Explore artifacts related to the Erie Canal below.
A reproduction of the wooden barrel used to transport water from the Atlantic Ocean to Lake Erie on the Erie Canal. This was made and used for events during the 1926 centennial marking the completion of the Erie Canal.
A wooden model of the first boat built for the Erie Canal, the “Chief Engineer of Rome”. The first trial trip was made by the “Chief Engineer of Rome” on October 23, 1819, from Utica to Rome, back to Utica. The boat was named in honor of Benjamin Wright, the Chief Engineer of the Erie Canal.
A commemorative medal struck to commemorate the completion of the Erie Canal in 1825. Each medal was presented in a round wooden box made out of wood brought from Lake Erie to N.Y.C. in the first canal boat, "The Seneca Chief.”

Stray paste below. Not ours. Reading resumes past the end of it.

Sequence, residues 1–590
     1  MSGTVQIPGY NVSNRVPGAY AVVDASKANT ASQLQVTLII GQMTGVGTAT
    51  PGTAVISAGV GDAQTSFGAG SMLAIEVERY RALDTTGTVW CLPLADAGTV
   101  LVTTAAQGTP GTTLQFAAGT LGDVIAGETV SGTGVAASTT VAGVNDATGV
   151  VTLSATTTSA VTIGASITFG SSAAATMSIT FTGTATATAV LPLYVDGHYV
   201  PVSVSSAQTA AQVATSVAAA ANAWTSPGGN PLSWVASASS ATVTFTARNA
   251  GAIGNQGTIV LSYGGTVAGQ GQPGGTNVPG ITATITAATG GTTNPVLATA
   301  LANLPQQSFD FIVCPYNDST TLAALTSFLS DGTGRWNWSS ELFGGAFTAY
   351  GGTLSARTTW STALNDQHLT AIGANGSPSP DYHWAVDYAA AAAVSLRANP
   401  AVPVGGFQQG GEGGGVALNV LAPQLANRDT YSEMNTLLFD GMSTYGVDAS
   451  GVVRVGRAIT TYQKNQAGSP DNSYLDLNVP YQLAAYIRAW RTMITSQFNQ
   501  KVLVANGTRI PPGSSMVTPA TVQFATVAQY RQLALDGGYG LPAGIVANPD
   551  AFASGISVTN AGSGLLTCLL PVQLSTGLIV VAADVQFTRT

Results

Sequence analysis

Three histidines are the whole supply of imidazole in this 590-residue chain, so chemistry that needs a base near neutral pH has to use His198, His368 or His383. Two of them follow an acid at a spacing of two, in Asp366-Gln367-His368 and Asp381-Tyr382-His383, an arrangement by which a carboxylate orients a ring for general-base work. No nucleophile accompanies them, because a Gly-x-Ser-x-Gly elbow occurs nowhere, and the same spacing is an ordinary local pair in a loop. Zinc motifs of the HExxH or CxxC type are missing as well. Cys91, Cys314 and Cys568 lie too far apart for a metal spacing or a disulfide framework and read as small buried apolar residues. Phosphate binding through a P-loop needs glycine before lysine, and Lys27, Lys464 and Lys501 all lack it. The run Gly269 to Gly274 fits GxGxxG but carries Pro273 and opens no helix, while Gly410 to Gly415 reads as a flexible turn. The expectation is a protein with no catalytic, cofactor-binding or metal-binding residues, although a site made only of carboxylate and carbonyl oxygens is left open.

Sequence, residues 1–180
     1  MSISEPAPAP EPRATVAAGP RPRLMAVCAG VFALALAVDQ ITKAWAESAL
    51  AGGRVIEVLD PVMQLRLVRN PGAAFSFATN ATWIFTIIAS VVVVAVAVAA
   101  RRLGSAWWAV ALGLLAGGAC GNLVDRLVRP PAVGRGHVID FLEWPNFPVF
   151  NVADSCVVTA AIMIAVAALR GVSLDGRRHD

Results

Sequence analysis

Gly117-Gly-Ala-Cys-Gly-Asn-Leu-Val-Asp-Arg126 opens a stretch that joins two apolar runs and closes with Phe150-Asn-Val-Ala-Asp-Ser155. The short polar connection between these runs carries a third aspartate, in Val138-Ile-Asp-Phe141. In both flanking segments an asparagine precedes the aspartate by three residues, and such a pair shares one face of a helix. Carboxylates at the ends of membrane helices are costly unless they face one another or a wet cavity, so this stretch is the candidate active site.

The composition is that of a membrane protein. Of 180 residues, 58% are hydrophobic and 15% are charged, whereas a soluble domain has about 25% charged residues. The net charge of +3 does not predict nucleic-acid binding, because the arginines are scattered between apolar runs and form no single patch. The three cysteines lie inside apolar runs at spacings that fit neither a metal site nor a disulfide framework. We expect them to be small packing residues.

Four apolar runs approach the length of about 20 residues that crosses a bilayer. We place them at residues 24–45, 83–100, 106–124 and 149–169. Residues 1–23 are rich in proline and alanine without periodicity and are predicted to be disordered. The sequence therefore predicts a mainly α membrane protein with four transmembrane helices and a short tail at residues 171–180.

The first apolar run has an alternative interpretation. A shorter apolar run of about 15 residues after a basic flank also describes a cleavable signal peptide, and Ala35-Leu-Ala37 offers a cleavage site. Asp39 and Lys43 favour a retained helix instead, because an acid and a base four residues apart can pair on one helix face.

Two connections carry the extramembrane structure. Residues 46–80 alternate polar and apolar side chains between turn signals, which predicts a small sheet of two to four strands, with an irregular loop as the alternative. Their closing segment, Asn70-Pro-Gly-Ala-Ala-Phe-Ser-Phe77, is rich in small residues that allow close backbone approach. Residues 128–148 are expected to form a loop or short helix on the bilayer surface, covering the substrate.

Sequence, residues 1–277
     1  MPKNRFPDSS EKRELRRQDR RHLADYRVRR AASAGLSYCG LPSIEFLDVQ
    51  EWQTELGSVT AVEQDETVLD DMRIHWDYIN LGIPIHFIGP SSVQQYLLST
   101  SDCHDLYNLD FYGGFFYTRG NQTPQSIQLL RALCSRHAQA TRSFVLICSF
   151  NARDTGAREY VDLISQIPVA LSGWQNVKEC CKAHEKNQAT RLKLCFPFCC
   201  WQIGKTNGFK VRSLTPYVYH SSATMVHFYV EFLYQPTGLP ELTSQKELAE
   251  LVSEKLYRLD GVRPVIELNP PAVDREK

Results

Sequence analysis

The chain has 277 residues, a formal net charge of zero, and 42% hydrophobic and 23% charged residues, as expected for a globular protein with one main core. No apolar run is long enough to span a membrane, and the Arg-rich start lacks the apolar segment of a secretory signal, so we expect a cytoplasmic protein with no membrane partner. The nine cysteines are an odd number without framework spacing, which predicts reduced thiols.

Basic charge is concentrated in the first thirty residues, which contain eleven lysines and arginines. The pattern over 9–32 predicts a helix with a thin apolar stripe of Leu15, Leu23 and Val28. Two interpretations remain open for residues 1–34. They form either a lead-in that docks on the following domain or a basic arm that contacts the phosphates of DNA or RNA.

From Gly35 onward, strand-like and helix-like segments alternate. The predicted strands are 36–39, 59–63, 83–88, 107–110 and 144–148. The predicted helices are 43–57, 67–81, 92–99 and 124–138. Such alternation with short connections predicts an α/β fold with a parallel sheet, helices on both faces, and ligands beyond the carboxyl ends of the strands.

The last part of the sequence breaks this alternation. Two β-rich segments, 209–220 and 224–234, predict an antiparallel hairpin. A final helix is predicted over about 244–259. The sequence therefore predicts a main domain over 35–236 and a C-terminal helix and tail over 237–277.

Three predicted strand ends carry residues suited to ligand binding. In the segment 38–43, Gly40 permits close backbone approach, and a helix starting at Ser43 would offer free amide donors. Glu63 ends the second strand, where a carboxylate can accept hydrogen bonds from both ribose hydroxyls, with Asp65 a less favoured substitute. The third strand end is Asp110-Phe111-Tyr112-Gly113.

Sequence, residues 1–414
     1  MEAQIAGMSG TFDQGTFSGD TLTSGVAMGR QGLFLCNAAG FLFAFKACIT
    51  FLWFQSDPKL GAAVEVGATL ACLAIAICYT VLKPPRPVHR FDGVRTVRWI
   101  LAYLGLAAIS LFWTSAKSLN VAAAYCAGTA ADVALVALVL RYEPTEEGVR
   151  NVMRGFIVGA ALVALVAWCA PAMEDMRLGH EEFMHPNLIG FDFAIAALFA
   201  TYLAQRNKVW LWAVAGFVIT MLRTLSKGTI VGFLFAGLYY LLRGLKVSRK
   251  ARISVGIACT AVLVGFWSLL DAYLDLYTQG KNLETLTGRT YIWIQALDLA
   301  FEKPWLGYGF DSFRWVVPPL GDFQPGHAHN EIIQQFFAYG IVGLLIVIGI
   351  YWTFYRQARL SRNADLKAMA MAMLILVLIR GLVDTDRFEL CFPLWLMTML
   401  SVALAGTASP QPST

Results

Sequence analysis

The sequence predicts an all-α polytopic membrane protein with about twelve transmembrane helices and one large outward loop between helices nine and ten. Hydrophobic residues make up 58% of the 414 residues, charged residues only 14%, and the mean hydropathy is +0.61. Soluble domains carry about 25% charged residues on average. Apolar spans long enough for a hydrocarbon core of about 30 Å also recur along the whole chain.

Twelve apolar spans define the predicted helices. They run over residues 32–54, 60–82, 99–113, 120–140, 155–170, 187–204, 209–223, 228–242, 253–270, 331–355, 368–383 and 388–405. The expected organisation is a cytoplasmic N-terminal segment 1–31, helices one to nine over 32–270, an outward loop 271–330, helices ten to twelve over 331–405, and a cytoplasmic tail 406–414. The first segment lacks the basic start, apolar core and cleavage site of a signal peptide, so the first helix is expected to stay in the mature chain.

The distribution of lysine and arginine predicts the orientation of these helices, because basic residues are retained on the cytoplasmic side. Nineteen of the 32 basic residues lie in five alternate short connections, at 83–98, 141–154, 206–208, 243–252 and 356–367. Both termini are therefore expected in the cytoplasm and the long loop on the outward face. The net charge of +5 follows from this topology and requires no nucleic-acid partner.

This ribbon badge was created to commemorate the 100th anniversary of the Erie Canal. The medal displays the emblem of New York State with portraits of Governors DeWitt Clinton and Alfred E. Smith.
A commemorative silk ribbon with a black and white image of the Erie Canal. These were printed for the celebration of the opening of the Erie Canal on October 25, 1825.
This blue Staffordshire pitcher commemorates the Erie Canal.
A white and plum ceramic plate with a lace border. The picture in the center depicts the Erie Canal at Buffalo.
The sculptor, Edmond Amateis, carved 11 panels for the outside of the Buffalo History Museum to commemorate local historic events. This is a plaster relief of the Marriage of the Waters panel that shows Dewitt Clinton at the opening of the Erie Canal.
These metal canisters were filled with water from the Atlantic Ocean and Lake Erie and flown from one site to the other by a US Navy plane. This took place during ceremonies that celebrated the Erie Canal Centennial in October 1925.